In recent years, indignation on the topic of judicial review has permeated through administrative law. Questioning the lawfulness of decisions made by public bodies is arguably today a norm. Furthermore, it is difficult to reconcile this with some public bodies – which have wide discretionary powers – without running at least a risk of arbitrary decisions or mellifluous outcomes. It is arguably this backdrop which has thus led the government to seek reform of judicial review.

The Judicial Review and Courts Bill is part of an ongoing reform programme launched in July 2020, by the Independent Review of Administrative Law (IRAL) chaired by Lord Faulks QC. Details of the recommendations were submitted to the Lord Chancellor...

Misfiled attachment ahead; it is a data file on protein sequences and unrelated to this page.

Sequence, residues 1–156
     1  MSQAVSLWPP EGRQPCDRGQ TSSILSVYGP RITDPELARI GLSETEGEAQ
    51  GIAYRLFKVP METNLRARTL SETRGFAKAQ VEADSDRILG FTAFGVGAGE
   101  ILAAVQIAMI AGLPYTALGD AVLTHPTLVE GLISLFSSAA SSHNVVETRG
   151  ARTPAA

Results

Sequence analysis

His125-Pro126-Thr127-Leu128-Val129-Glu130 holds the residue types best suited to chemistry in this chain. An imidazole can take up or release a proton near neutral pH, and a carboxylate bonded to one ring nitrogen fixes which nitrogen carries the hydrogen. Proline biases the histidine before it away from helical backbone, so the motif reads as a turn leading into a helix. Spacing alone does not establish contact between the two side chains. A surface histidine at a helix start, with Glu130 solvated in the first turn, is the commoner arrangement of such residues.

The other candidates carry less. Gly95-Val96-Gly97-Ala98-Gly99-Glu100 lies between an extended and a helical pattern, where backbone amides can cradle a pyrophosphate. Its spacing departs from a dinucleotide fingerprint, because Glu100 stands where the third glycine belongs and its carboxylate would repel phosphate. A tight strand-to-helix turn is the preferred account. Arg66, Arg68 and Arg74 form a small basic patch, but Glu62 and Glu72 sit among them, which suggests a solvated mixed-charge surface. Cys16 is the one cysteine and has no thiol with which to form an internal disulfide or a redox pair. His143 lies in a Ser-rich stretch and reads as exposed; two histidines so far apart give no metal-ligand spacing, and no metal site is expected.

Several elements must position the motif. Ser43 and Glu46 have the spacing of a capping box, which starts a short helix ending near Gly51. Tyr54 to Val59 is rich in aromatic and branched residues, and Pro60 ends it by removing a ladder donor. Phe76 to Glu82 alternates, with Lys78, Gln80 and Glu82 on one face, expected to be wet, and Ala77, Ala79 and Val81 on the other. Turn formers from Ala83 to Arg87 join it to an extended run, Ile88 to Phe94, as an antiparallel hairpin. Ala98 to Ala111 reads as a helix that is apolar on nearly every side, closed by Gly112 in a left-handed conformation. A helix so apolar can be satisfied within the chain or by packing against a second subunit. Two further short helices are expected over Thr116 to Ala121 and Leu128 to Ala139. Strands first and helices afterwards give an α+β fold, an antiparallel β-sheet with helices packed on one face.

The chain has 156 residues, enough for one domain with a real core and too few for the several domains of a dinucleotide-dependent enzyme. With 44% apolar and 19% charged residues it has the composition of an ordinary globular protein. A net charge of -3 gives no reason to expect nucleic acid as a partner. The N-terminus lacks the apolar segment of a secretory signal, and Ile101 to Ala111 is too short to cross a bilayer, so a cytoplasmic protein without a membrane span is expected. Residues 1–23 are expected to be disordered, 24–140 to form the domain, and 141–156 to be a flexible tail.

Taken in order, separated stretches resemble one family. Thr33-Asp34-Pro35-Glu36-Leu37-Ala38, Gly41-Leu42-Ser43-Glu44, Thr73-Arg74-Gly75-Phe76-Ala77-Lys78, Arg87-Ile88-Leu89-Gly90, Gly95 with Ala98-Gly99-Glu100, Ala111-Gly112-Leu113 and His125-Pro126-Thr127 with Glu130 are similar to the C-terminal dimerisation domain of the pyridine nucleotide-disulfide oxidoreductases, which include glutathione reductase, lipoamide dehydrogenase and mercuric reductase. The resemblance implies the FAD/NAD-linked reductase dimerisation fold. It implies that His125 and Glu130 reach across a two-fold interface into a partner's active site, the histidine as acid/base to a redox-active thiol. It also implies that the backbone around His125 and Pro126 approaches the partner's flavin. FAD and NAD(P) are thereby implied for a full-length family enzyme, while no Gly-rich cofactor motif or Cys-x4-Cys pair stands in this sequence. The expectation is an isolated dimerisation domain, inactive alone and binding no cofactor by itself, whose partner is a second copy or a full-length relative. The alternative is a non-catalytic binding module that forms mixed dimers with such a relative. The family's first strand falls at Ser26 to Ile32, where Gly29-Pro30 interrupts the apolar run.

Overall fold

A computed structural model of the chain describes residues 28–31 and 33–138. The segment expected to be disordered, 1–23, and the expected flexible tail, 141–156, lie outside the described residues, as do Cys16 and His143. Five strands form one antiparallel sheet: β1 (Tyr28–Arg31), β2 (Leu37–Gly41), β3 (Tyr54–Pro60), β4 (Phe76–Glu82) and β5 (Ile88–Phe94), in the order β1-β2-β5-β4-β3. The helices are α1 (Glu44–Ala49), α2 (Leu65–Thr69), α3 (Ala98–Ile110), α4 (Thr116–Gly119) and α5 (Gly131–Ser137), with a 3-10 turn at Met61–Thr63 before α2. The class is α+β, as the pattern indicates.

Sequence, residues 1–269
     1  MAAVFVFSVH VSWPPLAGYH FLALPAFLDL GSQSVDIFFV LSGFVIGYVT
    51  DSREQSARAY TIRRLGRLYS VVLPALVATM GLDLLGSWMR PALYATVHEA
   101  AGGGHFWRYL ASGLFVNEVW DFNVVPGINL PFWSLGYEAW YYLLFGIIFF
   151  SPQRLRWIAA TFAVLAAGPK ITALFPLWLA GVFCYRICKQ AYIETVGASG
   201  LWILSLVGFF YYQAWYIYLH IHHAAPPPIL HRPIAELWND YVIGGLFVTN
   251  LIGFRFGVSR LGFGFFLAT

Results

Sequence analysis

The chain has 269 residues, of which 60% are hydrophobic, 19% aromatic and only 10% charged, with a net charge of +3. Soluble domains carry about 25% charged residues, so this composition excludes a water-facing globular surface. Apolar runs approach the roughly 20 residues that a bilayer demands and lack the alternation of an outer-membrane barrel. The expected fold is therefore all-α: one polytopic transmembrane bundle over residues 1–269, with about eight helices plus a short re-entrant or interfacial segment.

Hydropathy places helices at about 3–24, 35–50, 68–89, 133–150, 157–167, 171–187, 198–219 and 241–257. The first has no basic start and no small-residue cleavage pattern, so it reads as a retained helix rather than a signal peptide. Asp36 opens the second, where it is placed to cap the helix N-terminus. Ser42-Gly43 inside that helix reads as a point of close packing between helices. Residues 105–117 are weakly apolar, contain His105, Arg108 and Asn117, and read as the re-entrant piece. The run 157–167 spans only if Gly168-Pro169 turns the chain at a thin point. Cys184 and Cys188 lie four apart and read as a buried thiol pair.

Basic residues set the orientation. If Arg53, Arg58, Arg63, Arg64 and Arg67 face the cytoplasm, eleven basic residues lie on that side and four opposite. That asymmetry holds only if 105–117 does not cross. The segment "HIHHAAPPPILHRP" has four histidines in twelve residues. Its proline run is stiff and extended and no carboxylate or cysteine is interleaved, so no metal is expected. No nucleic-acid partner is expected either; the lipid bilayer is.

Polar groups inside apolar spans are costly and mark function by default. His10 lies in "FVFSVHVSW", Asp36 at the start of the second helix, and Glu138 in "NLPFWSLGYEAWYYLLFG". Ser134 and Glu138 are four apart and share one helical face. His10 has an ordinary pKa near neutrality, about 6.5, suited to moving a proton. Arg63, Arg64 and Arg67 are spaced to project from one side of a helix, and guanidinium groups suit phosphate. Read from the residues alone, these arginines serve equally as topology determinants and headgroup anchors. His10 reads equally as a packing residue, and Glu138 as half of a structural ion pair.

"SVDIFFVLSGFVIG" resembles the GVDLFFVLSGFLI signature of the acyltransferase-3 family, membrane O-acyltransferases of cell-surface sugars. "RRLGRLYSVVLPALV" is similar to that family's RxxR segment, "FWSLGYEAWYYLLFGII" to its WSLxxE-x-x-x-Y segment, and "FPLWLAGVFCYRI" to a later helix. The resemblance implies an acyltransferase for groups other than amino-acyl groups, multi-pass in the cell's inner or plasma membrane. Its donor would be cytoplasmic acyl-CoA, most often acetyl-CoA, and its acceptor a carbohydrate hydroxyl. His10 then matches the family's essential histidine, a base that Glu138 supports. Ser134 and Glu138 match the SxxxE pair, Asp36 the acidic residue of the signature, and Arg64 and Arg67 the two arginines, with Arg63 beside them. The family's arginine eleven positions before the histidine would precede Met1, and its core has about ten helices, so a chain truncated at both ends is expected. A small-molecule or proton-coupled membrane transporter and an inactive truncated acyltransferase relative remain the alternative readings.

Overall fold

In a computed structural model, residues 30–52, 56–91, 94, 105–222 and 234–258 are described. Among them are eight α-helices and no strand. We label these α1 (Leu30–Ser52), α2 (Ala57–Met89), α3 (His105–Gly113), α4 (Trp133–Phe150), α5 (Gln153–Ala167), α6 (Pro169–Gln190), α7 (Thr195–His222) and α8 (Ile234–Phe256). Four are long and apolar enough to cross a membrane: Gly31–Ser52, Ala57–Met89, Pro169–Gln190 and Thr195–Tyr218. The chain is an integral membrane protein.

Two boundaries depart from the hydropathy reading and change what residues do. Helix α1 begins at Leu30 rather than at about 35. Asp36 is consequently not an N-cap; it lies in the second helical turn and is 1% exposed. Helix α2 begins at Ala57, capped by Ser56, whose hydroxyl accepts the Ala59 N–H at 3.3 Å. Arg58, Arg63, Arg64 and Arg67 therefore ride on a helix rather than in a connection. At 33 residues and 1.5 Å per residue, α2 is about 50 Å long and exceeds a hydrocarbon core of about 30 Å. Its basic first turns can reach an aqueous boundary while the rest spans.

To continue reading

This article is part of our subscription-based access. Please pick one of the options below to continue.

Already registered? Login to access premium content

Not registered? Subscribe